Friday, January 15, 2016


Something's been getting under my skin for the past few months. It's the attitude that if you just do things the “right” way, nothing will ever go wrong for you. For example, on a podcast about natural birth, the host said that if she hadn't been born by cesarean section, then maybe her children would not have had digestive issues. Now isn't that silly? As if a natural birth could prevent any type of medical problem. But that's how many people think. They believe if you take the right kind of vitamins then you won't get sick. Or if you eat organic food then you'll lose weight. So when something does go wrong, then obviously it's your fault because you didn't take the proper steps to prevent it.

What gives? Should we assign a cause to every misfortune? The list of culprits is endless: genetics, diet, bad habits, lack of medical care, poor planning, and so on. Of course, there are reasons for bad things happening, still I don't think that assigning blame is that easy.

During the time humans have lived in this world, how often has someone sailed through life as a “golden child” with no problems? We'd have to be kidding ourselves to think that it has EVER happened. There is no golden child. We all have problems. I'm going to get sick. You're going to get sick. I'm going to struggle with my character flaws. You're going to have conflict in your family. I'm going to lose a job or have financial woes. You're going to have a car break down at an inopportune moment. This is life.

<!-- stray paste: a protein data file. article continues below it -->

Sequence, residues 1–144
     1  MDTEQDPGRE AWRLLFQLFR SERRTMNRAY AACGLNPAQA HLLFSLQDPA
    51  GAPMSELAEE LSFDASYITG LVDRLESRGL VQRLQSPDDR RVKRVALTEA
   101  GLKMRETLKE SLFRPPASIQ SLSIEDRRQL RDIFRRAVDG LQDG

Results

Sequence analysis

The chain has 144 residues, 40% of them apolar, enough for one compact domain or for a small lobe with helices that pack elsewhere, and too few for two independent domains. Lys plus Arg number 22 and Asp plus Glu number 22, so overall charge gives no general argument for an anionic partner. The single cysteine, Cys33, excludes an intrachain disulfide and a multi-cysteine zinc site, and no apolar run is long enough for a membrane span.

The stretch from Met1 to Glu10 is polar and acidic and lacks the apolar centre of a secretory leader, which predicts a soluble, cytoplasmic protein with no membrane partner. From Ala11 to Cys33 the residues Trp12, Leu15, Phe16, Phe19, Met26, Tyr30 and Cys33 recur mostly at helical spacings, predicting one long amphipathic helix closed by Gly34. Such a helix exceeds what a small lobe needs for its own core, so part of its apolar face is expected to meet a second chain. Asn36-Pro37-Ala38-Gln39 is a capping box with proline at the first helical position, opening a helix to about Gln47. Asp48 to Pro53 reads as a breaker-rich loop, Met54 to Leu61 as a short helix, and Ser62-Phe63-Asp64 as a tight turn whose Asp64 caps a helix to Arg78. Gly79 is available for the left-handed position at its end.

We've got to stop blaming each other (I think we all know who the real bad guy is, old Satan), and start really caring about each other. Assigning blame is one way we justify opting out of our responsibility to help each other. For example, if I believe that Tommy's heart attack is the result of his terrible diet, then perhaps he deserves his hospital stay, and I don't feel the need to visit him or take a meal to his family. But this is a wrong attitude.

Blame is a compassion-killer. It's hard to put yourself in the other person's shoes when you're thinking “If they hadn't done X, then Y wouldn't have happened to them. It's also a way to self-protect, because we also think, “I don't do X, so Y can't happen to me.” And we minimize and marginalize other people's pain.

Remember Jesus' story of the man who was robbed on the highway? Two very fine and upstanding citizens both passed the man by. Perhaps they were thinking that in some way the man deserved to die. Maybe he didn't take the proper precautions against thieves. But the Samaritan man was different. He had compassion. He stopped, bandaged the man's wounds, and took him to a safe place. I don't want to pass people by while thinking that their situation is all their own fault. I want to be more like the Samaritan. I want to have compassion.

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